What happens when you combine a Lamborghini Superleggera with fancy china? High-speed tea. With the help of a really gentle crane, William Ashley China of Toronto has placed a new Lamborghini on a set of tea cups as the centerpiece of an unavoidable and clever piece of advertising for the store.
The Italian exotic is resting only on those four cups and nothing else. This isn't the first time the store has attempted such a feat. Previously, they used a base Gallardo. We think the choice of the lighter Superleggera version is inspired, and next to a $225,000 Lambo, a $4,300 gravy boat seems much more reasonable.
Most jobs require employees to work on multiple projects simultaneously. Gamers are multitasking tanks, capable of capturing flags, watching Japanese tentacle pRon, tea-bagging n00bs, snacking and chatting with friends online all at the same time.
Translate those abilities to the office and you have the perfect employee: focused, yet flexible enough to handle shifting assignments without losing sight of their goals.
If the pricing in this catalog can be believed, the Xbox 360 Elite will drop to $299 on August 30th. This spy pic adds a little more credibility to last week’s rumor that the $299 Pro model was being phased out.
It will count calories as you pedal, play music and use a solar-powered motor when you get tired - welcome to the commuter bike of the future.
Olympic cyclist Chris Boardman was today unveiling a design that he believes will be an everyday product within 20 years. The 40-year-old said the technology was already available, it just needed the will to put it all together.
The famous sequence that shows the evolution of man from knuckle-dragging ape to an upright human may be flawed, a new study has revealed. Researchers who examined the wrist bones of several primate species believe our early human ancestors never used their knuckles to walk like gorillas.
Instead they evolved from other apes who spent most of their time in trees and descended to the ground upright.
Yes, you read that right…General Motors is claiming the upcoming Chevy Volt will get 230 miles per gallon in the city. Sure it is based on a "new methodology" from the EPA that probably includes fairy dust, unicorn sweat and rainbow power but that 230 mpg is an attention getter.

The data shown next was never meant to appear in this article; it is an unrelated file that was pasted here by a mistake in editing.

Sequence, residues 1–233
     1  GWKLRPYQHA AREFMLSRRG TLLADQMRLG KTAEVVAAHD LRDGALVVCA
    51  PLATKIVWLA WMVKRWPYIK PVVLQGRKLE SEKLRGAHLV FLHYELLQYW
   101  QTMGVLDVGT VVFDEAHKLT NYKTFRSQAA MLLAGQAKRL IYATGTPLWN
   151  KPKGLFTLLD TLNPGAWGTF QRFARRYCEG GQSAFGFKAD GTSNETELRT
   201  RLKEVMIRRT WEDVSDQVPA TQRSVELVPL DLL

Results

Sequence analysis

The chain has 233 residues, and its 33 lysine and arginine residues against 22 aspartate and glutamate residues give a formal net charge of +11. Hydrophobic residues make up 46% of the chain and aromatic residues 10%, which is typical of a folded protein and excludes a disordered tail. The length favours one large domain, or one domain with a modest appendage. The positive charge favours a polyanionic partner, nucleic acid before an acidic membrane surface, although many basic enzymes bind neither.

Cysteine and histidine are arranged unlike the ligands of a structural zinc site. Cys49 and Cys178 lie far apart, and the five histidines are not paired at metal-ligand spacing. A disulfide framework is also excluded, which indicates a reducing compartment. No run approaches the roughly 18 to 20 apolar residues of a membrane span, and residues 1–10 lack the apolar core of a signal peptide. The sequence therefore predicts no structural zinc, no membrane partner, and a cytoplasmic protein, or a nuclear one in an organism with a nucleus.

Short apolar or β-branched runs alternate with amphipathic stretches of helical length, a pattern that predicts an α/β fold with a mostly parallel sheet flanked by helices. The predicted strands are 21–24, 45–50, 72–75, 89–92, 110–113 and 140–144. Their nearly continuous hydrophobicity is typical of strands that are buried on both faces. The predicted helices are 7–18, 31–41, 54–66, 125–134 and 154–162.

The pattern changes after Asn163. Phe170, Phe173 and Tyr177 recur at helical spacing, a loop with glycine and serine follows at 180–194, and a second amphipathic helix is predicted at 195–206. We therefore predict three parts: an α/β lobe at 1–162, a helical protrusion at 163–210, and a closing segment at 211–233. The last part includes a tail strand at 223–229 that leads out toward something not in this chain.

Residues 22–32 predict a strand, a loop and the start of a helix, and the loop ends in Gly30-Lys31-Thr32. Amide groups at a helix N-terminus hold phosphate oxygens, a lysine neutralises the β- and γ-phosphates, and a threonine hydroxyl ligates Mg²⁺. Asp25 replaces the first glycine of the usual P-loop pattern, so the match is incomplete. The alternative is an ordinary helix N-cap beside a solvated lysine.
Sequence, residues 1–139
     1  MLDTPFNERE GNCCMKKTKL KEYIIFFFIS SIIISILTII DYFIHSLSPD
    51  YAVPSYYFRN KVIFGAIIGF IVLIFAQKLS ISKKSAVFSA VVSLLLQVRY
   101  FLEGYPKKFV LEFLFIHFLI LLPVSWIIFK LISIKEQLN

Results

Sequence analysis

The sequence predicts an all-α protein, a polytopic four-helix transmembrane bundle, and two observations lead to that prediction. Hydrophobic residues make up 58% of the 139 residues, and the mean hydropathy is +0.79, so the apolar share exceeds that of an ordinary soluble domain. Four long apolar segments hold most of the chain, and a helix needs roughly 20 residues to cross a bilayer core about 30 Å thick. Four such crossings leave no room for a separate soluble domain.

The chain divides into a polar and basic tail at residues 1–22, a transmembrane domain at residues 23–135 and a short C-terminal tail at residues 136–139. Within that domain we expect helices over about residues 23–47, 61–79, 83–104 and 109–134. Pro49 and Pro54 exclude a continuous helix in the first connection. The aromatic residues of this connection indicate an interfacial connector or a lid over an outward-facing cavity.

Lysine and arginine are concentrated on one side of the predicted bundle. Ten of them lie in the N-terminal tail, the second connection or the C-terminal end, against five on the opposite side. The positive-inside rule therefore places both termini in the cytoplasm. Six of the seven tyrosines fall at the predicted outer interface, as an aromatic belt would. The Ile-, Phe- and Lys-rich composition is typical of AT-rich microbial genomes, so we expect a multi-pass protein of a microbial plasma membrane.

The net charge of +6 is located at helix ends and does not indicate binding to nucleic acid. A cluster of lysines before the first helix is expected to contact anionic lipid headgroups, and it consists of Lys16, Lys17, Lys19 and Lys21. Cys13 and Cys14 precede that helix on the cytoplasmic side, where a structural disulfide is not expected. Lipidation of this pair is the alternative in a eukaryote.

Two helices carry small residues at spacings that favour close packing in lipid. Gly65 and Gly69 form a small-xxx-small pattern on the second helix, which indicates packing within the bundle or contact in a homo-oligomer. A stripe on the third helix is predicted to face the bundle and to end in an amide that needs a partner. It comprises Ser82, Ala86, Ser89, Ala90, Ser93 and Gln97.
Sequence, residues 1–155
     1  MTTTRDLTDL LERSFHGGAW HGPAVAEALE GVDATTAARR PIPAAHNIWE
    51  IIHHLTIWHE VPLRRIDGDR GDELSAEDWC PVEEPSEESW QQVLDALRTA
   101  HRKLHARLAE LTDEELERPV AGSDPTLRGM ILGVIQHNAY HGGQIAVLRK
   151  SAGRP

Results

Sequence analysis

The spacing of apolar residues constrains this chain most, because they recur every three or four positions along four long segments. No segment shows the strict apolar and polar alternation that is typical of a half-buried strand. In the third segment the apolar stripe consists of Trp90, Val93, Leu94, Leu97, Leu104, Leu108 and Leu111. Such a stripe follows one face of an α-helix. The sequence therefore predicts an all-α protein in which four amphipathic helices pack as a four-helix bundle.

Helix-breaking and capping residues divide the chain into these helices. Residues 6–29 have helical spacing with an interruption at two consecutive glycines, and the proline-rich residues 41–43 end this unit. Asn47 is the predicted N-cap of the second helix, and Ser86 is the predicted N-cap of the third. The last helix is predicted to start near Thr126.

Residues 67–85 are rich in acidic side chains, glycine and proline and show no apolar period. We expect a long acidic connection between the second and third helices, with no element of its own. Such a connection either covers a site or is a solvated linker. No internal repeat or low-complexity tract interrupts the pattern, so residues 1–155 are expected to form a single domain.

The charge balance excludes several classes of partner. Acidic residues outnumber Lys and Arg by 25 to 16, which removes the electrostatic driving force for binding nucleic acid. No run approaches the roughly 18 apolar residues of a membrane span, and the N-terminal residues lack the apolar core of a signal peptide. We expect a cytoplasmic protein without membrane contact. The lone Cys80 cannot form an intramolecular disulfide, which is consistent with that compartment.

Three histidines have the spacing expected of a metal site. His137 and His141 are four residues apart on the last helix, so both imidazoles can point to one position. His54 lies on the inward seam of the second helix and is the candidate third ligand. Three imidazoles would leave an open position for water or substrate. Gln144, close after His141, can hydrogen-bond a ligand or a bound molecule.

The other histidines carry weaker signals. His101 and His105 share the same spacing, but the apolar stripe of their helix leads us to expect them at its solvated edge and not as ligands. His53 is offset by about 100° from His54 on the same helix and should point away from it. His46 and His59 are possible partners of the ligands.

The EPA has released a new methodology for determining a draft fuel economy standard for extended-range EVs like the Volt, and under this new procedure, the Volt will have a composite urban fuel economy rating of 230 mpg! On the electric side, the Volt will consume 25 kW/hours per 100 miles. That makes the Volt the first car ever to get a triple digit fuel economy rating.
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Apple has applied for a patent on a consumer abuse detection system? No, it isn’t a system to protect you from their prices and products, it is a system that spies on you to see if you are abusing your Apple product. No, really.
Apple already includes liquid submersion indicators in its MacBook Pros, iPhones and iPods. They irreversibly change color once they come in contact with a liquid, thereby offering the company's retail store staff and authorized repair specialists an easy way to determine if a customer caused damage to their product with liquids -- incidents that aren't covered under Apple's standard warranties. Rather than the physical indicator, the new system would save information of damage digitally into memory.
Rather than being an all out green warrior however the Lamborghini hybrid will utilise a small electric motor in slow moving urban traffic but will allow full use of either a 10 or 12 cylinder engine (yet to be decided) when in full flight.
This is a combination recorder and stereo system that allows you to preserve your classic vinyl records and cassette tapes by recording them to CDs.
It takes only three steps to faithfully transfer an LP or cassette to a digital audio CD-R or CD-R/RW, and at any time during recording you can pause to select only certain songs, turn the album or cassette over, and change albums or cassettes to make compilation recordings.
More than just a recorder, the system plays 33s, 45s, 78s, and cassettes through a 70mm full-range speaker, and has a built-in AM/FM stereo with digital tuner and single CD playback tray, all in a footprint less than 2' sq. Two RCA inputs in the rear enable you to connect the device to another stereo system or external speakers.
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In the comics of fifties onwards, among the myriad of adverts for sea monkeys, X-Ray specs and other such dubious products the likes of Charles Atlas and Joe Weider exhorted the youth of the day to exchange with their cash in exchange for muscles, girls and getting their own back on the bully boy.